Three days before Payton Wilkins returned home to Detroit last May with a bachelor’s degree, his cousin was arrested for selling heroin and crack cocaine.
“Before I came to college I was hanging out with him so it’s a really good chance I would be in prison right now,” said Wilkins, 24, the first person in his family to graduate from college. He had no college plans until his mom made him apply to Dillard University, a private historically black school in New Orleans.
For generations, such colleges and universities have played a key role in educating young African-Americans like Wilkins.
But facing often steep declines in enrollment, these schools are struggling to survive. In the last 20 years, five historically black colleges and universities — or HBCU’s — have shut down and about a dozen have dealt with accreditation issues.
South Carolina State University, that state’s only public historically black higher education institution, had its accreditation placed on probation last month after the school was cited for financial problems.
Morris Brown College, a 133-year-old private institution in Atlanta, filed for bankruptcy in August 2012 and has received court approval to sell some of its property.
Last year, North Carolina elected officials flirted with the idea of merging Elizabeth City State University, a public historically black college, with another institution after its enrollment had dropped by 900 students in three years.
An outcry from supporters saved the school and stirred up support from the state’s Legislative Black Caucus last month.
Historically black colleges once were the only option for most black students, who made up almost 100 percent of their enrollment in 1950. That began to change in the 1960s, as many doors that once were shut to blacks were opened.
Now that black students have a much wider choice of schools, only 11 percent of African-American college students choose a historically black college or university.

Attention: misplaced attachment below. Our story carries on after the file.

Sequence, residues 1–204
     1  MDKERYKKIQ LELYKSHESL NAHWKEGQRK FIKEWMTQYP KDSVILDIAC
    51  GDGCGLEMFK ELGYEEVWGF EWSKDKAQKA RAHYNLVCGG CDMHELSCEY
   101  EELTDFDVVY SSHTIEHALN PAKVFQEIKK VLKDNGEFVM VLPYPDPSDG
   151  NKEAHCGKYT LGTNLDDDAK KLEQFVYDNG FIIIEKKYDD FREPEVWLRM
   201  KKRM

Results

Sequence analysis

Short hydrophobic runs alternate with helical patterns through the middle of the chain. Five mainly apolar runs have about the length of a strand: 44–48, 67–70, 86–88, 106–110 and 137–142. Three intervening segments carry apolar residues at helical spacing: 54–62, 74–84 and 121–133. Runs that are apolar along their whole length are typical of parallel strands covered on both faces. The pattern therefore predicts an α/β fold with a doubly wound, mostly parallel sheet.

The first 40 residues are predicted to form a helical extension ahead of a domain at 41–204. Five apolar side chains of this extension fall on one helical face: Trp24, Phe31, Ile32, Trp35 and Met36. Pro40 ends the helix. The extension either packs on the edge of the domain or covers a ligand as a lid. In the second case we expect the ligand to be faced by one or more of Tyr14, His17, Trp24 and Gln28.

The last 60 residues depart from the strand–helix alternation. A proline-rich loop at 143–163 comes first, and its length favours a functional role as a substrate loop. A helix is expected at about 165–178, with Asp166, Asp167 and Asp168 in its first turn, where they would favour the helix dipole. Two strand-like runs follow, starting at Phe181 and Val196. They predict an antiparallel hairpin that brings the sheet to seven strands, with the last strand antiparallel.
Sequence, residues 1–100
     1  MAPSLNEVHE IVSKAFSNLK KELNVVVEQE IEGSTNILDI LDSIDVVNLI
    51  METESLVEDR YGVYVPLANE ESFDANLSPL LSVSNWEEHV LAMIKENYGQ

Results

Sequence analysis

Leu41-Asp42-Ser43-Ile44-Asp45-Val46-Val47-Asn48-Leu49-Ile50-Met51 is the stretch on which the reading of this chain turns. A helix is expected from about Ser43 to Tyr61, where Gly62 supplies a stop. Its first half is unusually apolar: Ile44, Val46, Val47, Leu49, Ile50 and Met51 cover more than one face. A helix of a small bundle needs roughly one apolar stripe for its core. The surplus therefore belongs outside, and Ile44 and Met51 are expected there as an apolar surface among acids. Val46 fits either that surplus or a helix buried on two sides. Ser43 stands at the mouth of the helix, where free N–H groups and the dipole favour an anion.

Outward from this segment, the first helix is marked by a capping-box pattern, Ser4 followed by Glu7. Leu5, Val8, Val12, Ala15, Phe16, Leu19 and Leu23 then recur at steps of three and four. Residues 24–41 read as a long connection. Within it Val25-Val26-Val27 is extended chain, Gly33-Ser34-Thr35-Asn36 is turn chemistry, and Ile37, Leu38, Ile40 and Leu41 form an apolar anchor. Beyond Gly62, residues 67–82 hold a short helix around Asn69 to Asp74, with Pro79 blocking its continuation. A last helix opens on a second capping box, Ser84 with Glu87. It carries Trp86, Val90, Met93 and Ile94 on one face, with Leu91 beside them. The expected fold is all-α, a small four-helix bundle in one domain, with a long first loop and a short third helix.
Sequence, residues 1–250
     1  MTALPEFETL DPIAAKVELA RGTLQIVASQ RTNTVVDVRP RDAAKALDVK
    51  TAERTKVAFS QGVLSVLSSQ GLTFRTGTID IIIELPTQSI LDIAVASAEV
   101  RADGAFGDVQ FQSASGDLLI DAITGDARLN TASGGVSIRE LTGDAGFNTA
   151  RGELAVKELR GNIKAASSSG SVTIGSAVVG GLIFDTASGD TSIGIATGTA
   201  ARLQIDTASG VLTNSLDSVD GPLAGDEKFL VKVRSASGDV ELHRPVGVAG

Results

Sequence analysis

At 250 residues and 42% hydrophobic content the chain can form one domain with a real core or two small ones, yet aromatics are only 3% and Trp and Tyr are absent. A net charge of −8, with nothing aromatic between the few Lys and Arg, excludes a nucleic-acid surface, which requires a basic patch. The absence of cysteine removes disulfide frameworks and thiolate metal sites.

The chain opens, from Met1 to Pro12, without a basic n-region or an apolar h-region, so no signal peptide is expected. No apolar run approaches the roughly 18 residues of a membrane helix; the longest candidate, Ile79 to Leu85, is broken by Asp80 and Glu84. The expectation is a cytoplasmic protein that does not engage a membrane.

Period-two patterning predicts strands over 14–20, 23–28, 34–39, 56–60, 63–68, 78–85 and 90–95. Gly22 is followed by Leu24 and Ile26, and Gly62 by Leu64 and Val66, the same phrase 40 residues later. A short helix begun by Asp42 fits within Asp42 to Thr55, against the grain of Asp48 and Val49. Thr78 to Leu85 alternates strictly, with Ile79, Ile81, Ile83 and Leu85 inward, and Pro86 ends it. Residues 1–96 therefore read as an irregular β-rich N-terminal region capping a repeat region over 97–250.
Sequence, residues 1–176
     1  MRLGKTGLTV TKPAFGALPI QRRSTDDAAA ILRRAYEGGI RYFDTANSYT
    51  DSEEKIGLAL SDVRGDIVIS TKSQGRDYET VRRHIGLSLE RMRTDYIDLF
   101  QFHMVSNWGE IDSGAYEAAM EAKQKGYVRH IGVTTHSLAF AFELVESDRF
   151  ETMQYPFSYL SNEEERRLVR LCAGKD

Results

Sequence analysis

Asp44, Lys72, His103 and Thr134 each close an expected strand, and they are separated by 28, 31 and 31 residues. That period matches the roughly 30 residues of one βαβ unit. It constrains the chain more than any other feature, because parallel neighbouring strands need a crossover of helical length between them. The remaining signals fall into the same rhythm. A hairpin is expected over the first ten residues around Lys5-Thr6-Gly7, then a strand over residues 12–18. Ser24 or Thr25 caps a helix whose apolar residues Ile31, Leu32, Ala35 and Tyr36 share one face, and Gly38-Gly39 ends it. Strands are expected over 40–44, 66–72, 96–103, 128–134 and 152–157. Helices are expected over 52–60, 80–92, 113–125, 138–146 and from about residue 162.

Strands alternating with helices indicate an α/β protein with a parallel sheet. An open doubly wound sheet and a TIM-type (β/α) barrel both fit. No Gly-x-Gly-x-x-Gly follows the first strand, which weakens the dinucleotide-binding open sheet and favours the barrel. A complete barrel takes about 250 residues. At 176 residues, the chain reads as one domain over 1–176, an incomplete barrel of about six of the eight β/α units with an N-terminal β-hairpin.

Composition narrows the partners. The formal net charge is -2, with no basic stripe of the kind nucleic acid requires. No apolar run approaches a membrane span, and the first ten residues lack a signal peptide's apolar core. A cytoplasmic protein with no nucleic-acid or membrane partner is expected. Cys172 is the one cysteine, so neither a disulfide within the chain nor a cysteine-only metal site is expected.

Abdul S. Rasheed, a member of Elizabeth City State’s board of trustees, said that in order for historically black schools to survive, their graduates and supporters must take control of their own future.
While financial contributions to U.S. colleges rose slightly in 2013, on average at historically black colleges, only 10 percent of alumni give back.
“If nothing changes, they will eliminate them,” says Rasheed. “That will be the biggest mistake this country has ever made.”
Marybeth Gasman, an expert on historically black colleges and professor at the University of Pennsylvania, said states should support black colleges because they are doing the “lion’s share” of the work for first generation-students like Wilkins.
“Historically black colleges serve low-income students, first-generation students, students of color, adult learners, part-time students, students who might be what I call ‘swirlers’ who swirl in and swirl out of academe,” says Gasman.
Eighty-four percent of students at historically black schools receive Pell Grants, which are federal, need-based funds awarded to low-income students.
Wilkins says the question of relevancy for HBCU’s is itself irrelevant.
“Coming to Dillard, I really wasn’t prepared academically. Dillard brought out of me this urge to want to learn,” says Wilkins. He graduated with a political science degree and plans to go to law school.
As society changes, many historically black colleges and universities are not all black anymore. One of every four students at a historically black institution is Hispanic, Asian-American, white or of another ethnicity.
Zane Lewis, a white freshman from Sanford, North Carolina, plans to major in business or marketing at North Carolina Central University, a historically black school in Durham.
“I thought I wasn’t really going to fit in but, I mean, everyone has been really friendly so far,” says Lewis. “I just want to walk away saying that they didn’t treat me different.”
Gasman says states are reluctant to support historically black colleges because they consider them segregated — although largely white universities can be less integrated than the historically black schools.
“We are no more separate than Chapel Hill is,” says Rasheed, referring to the University of North Carolina at Chapel Hill, where the student body was 66 percent white last fall, according to data from the college portrait of undergraduate education website.
“If they close down Elizabeth City State, are they going to allow 2,000 more African-Americans and others to be admitted at other campuses?” he asked.